Whether in business or in social life, etiquette was born with the other in mind. Good manners have the sole purpose of preserving everyone’s comfortability. The act of doing something specific, which has been agreed upon, avoids us the burden of thinking what should be the correct behavior to adopt in a certain situation so that everyone is comfortable.
The first book to be entirely related to good manners was published in 1558 by Giovanni Della Casa and its title was Galateo, overo ‘de costumi.
The word in the title “Galateo”, which in Italian means “good manners”, refers to Galeazzo Florimonte, bishop of Sessa, to whom Della Casa dedicated his book. In fact, Galeazzo’s name in Latin was pronounced “Galatheus”.
Now that you know the why, let’s look at the what.
1. Wishing “Have a nice meal”
There are several theories about the origins of this tradition.
The British anthropologist Jack Goody affirmed that this way of saying saw the light during Charlemagne's empire, when his chefs used to wish it to the guests to make them know how much the emperor wanted the food to be appreciated.
Following some historians' thoughts, this auspicious was progressively abandoned since the diffusion of the fork, which denoted some detaching from the food and its centrality around the table to attribute more attention toward the social aspects of eating together.
There still are different opinions about whether it should be said or not yet anyway, since the large diffusion of the saying, some sustain that wishing it it’s more polite than not.
In the end, what it is important, is to make the others around you as much comfortable as possible, so if someone says it to you, always return the favor.
2. Saying “Bless you”
Sneezing is both a liberating act and a nightmare. On a formal occasion, the last thing we want is to be caught doing it and then be obliged to answer everyone’s “bless you” for an infinite number of times.
Respecting the purpose of etiquette, we should avoid putting someone else in shame highlighting an embarrassing act. That’s why we should ditch the tradition and simply say nothing when someone sneezes.
3. Saying “Nice to meet you”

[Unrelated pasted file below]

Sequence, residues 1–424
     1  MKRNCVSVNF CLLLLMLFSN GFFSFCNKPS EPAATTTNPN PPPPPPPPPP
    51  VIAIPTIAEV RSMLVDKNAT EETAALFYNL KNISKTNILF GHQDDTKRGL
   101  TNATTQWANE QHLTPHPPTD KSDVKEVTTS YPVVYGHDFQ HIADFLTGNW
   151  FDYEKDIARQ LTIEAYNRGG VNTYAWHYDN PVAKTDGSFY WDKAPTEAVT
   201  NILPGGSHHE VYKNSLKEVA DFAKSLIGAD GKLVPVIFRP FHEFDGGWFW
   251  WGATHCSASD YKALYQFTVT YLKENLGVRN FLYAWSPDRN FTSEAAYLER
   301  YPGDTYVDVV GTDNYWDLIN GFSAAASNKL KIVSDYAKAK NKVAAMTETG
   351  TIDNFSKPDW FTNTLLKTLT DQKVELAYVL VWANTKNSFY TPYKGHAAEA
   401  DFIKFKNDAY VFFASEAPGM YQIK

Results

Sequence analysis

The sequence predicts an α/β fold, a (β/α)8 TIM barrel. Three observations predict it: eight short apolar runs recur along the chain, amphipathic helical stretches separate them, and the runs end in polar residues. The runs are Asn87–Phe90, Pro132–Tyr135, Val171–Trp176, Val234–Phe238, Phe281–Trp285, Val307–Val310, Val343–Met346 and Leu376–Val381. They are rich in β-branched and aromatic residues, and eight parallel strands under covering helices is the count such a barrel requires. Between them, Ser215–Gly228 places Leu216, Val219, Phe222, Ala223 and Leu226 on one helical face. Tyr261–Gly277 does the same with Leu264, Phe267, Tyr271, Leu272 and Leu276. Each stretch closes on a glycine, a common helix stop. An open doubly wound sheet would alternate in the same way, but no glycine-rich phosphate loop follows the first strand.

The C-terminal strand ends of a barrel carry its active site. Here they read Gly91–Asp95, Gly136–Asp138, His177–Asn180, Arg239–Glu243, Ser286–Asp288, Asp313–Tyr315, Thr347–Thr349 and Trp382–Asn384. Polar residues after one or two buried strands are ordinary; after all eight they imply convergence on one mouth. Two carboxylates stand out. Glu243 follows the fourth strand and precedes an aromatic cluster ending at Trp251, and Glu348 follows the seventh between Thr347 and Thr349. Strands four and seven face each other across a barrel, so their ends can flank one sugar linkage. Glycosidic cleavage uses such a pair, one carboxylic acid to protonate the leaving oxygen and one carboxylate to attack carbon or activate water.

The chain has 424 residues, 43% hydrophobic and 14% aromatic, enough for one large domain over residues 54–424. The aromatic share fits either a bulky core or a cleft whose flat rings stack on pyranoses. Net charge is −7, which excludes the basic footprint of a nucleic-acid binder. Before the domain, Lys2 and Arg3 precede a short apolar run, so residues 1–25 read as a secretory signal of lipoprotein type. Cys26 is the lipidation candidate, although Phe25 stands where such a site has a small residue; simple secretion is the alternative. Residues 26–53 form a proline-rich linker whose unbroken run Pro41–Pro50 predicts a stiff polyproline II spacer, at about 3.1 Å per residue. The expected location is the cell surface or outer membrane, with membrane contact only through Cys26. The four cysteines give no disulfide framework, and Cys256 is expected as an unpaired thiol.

Good manners imply sincerity and honesty and affirming that meeting anyone will be a pleasure a priori, simply is not possible.
You can only have that certainty after the meeting, not before it. That’s the reason why saying “nice to meet you” is considered impolite. Even the prestigious Debrett’s guide bans this tradition from the Country of Her Majesty.
What to say then? Easy, your name and surname, that should suffice!
4. Knives at the table
The knife is the most ancient utensil to be used at the table. The reasons behind this are to be found on its roots. Knives were already present long before civilizations, and they were more often than not used as weapons. This is why, with the evolution of society, their use was progressively abandoned.
In China, where the ruling class ceased to be formed by warriors and begin to involve highly educated members centuries ago, the use of knives at the table didn’t take on.
The Chinese tradition even attributes this sentiment to Confucius: “The honorable and upright man keeps well away from both the slaughterhouse and the kitchen. And he allows no knives on his table.” (1)
For this reason, knives will only be used when necessary and everything that can be cut without them will be cut with forks.
5. Who enters first?
To answer this question we should first take a look at its origins.
In the past taverns and similar were dangerous places where knives weren’t used only to eat, but also to wound. For this reason, it was the tradition for the man to enter first, so to assure that there was no danger for the woman to follow him.
Today, this usage persists. It should be the inviter to enter first to check the place and guide the invitees to their seats.
Things will be different in the case the place has a dedicated figure to escort the guests, if so, the inviter will let the invitee enter first.
For everyone's sake, we should also avoid fighting over who should enter first encouraging the others to precede us or continuously declining their offer to enter the place. It’s very unpleasant for both the inviters and the invitees.
Whether you abusively use your knife at the table or wish bless you to every friends and stranger you happily caught in the act of sneezing, always keep in mind that good manners were created to make everyone comfortable, so before drastically changing your behavior at the table or away from it, think twice. Avoiding any embarrassment to the others and let them have enjoyable moments with us should be our priority. Ever.
Le regole delle buone maniere, Samuele Briatore, Newton Compton, 2019